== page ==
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Image of the code

I've been creating a report on why the JUMP instruction shouldn't be used in the piece of code above and instead CALL/RETURN instructions should be used to navigate through the subroutines.

I understand that the code will never reach back2: because it is using the jump command and would continuously loop between back1: and the calculateNextPower routine.

Would I be correct saying that:

  • the jump instruction doesn't push the instruction onto a stack and results in you not being able to return to where you've jumped from.

  • When using call, it prevents you from pushing to many addresses to the stack by recursion like the JUMP instruction would. This can cause a stack overflow/tail recursion and can result in you not getting the result of the calculation until you have returned by using the call and return?

I think that I've made this way more complicated than what it is, read way to many sites and have confused myself on the reasons why it should be used instead of the jump instruction, other than it not being able to get to the "back2:" routine.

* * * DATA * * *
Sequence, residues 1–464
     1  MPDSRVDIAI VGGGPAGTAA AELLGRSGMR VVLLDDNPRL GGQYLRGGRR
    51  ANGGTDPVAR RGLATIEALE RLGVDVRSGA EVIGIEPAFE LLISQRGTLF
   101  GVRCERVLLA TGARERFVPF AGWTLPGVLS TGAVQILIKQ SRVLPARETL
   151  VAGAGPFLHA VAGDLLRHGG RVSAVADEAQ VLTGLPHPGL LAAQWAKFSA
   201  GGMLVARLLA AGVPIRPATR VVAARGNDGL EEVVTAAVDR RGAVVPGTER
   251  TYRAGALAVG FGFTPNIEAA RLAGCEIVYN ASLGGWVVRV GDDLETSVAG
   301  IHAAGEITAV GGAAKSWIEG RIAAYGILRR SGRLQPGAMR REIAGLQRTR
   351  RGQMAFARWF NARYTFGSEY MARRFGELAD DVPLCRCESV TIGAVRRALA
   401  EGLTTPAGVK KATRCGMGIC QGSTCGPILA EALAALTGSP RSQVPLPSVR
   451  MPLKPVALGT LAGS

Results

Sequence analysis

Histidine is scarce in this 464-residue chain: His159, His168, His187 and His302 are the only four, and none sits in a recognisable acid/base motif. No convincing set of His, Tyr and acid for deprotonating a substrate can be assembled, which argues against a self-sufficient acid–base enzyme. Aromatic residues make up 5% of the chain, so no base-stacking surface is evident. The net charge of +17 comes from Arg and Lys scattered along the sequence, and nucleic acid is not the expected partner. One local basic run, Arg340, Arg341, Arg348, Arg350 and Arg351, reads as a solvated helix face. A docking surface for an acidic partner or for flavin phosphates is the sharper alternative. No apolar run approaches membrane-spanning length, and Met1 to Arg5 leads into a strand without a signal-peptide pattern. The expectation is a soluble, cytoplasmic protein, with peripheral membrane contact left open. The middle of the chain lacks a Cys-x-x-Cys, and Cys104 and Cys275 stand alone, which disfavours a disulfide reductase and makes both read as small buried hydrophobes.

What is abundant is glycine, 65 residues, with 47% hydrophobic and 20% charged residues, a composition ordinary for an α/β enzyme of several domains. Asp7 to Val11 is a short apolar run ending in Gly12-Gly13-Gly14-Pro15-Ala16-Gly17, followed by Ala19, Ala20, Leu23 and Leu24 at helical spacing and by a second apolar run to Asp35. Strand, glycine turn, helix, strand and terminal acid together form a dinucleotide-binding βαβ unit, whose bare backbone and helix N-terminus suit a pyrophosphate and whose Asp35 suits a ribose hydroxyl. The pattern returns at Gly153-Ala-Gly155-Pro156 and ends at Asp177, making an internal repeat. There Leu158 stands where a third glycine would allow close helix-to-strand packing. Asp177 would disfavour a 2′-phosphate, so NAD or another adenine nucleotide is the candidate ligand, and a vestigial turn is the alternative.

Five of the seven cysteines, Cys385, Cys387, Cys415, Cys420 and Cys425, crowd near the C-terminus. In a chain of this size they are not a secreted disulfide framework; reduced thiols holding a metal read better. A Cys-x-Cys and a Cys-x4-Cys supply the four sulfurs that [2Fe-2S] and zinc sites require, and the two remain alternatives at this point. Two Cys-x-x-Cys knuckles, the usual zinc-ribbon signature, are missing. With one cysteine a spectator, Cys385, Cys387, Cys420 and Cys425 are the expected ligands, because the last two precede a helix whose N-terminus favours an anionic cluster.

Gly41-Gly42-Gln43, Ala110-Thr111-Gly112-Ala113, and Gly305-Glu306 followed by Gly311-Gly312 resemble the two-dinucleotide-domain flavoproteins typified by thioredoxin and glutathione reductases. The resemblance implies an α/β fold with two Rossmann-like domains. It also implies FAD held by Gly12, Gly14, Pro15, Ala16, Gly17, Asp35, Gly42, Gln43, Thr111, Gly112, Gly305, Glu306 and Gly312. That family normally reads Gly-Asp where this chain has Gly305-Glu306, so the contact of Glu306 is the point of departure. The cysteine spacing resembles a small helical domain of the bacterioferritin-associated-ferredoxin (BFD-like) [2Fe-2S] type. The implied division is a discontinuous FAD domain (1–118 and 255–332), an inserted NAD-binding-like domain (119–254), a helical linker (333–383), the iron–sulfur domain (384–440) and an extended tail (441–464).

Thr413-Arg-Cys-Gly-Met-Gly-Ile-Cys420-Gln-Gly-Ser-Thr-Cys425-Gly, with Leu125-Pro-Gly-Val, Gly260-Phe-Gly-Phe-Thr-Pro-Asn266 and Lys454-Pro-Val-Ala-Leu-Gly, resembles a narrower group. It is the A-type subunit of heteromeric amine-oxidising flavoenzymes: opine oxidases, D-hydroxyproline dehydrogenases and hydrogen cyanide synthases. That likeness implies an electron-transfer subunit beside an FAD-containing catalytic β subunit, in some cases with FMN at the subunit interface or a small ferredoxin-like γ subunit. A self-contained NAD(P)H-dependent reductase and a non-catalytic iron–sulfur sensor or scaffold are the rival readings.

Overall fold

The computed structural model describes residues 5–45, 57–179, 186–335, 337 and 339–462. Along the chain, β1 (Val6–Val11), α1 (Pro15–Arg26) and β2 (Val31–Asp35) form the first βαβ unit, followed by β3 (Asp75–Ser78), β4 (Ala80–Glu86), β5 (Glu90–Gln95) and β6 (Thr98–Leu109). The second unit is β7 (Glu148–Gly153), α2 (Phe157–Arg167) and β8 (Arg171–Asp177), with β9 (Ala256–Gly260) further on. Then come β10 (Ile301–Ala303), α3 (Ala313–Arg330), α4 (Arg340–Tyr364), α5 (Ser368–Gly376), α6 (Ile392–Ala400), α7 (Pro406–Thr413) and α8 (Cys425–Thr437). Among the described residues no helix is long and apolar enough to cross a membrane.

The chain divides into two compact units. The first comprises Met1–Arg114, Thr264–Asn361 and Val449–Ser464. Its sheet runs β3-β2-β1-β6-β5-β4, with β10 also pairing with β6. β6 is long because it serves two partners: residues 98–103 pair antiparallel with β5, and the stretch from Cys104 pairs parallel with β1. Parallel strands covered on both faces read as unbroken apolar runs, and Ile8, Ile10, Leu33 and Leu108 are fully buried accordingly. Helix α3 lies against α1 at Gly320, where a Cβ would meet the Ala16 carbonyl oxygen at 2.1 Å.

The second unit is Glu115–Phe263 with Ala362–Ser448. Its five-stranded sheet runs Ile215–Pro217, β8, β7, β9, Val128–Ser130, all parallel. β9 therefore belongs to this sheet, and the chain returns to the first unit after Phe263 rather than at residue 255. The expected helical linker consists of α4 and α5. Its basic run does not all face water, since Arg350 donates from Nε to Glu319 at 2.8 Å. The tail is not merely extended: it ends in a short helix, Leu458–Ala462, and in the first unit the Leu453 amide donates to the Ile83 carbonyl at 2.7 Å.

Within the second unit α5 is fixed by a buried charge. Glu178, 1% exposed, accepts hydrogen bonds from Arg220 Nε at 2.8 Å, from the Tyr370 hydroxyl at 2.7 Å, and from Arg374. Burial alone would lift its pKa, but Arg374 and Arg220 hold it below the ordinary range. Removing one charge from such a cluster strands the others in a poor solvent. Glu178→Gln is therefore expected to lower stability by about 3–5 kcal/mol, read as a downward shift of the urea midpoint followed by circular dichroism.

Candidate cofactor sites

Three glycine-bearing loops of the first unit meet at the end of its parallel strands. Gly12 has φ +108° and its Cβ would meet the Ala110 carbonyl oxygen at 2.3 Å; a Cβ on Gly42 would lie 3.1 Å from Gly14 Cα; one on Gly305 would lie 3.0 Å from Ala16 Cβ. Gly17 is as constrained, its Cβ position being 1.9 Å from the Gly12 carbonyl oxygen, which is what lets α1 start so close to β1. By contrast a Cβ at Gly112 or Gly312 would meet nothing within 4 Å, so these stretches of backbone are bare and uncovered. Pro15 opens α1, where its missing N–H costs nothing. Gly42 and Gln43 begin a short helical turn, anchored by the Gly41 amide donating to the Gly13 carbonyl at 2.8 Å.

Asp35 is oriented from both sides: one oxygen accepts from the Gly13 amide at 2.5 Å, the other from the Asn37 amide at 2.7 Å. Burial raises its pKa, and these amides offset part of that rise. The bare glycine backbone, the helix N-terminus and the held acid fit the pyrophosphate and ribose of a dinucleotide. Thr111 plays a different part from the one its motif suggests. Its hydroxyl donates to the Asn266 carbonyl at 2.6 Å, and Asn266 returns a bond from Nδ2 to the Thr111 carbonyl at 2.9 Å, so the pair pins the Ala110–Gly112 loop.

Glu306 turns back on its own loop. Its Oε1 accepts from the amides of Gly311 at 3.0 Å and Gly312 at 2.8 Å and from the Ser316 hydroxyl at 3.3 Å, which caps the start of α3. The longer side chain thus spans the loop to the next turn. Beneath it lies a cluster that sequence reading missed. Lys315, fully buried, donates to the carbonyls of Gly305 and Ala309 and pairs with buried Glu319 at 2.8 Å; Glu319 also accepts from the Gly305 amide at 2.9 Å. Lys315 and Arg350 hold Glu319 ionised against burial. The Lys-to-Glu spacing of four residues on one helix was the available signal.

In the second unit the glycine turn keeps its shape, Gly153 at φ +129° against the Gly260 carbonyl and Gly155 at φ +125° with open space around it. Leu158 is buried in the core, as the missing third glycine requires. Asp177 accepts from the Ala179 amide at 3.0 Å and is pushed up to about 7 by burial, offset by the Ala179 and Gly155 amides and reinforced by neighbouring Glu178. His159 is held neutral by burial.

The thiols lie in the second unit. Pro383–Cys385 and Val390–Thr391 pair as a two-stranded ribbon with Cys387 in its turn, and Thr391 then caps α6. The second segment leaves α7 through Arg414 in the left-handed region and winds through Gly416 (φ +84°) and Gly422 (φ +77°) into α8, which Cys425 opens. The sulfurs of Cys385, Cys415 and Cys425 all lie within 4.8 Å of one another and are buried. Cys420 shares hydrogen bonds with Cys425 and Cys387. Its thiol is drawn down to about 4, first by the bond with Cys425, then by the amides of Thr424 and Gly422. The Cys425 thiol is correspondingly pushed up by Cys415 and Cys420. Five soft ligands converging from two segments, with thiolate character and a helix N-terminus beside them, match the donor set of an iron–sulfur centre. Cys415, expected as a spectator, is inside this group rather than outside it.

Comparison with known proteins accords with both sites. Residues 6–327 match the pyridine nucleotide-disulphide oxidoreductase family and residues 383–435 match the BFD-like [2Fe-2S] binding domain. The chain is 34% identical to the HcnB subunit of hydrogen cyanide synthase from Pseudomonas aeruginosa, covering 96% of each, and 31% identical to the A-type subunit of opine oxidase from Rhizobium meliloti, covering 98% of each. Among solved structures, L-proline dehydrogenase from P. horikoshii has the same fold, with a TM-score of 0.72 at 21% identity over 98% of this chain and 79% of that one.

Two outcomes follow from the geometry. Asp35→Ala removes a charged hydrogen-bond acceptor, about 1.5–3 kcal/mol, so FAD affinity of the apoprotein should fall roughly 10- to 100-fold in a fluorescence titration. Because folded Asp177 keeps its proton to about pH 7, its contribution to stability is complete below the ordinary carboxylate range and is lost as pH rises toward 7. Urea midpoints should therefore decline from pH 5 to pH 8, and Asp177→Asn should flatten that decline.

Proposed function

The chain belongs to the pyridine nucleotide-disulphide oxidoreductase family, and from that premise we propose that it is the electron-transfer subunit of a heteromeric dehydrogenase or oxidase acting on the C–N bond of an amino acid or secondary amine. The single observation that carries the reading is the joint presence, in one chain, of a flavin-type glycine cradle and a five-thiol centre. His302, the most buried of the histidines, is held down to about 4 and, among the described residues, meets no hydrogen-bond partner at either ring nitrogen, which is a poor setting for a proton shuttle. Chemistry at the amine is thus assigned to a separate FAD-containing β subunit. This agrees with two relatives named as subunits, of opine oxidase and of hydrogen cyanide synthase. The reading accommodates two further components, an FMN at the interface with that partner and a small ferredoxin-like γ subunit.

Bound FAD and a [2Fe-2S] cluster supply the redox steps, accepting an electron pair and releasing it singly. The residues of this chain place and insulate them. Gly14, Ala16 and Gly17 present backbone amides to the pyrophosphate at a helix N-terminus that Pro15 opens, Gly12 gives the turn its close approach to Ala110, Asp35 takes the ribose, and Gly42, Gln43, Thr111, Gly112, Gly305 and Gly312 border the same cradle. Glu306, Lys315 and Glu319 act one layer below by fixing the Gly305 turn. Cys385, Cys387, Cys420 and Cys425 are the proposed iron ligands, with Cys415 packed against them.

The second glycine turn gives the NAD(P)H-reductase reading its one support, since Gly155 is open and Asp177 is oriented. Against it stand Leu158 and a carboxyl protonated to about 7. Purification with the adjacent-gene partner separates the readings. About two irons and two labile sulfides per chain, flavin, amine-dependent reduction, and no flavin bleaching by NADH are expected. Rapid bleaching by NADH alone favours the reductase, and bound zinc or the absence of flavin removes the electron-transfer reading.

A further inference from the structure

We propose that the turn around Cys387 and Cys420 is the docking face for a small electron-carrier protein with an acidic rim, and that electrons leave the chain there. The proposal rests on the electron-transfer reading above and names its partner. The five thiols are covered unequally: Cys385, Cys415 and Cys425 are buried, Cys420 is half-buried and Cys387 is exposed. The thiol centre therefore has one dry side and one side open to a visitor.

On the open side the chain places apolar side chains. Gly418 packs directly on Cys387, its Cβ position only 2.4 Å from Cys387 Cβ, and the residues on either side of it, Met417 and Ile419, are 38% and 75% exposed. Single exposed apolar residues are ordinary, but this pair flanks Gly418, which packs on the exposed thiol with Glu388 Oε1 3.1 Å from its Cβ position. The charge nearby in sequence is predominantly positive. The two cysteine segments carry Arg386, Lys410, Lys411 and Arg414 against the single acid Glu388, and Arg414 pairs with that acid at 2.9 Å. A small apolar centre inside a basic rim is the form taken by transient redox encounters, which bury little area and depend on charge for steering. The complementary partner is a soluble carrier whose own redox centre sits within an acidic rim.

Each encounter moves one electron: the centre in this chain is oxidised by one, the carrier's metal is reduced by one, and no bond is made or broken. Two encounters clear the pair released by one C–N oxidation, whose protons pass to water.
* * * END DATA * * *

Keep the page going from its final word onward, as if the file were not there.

Appreciate any help on clearing this up, I'm new to this type of work

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  • \$\begingroup\$ Your first statement should be: "The jump instruction doesn't push the return address onto the stack..." \$\endgroup\$ – Peter Bennett Jan 22 '15 at 20:40
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So many misconceptions, where to begin...?

First, the real problem with your code is a badly architected loop. Not that CalculateNextPower is immediately before the loop and at the end of the loop. This code should simply be put in-line at the start of the loop, right below Back1. Then there wouldn't be any need to jump or call to code outside the loop.

Second, nothing pushes a instruction onto the stack. CALL instructions generally push addresses onto a stack. That is the address of the instruction following the call. The RETURN instruction pops this address off the stack and jumps to it, thereby returning to immediately after the CALL instruction.

In general, the point of the CALL/RETURN mechanism is to allow execution of a piece of code in multiple routines, but have the piece of code only exist in memory once. CALL/RETURN allows for temporarily diverting execution to the single piece of re-usable code, then going back to where you were.

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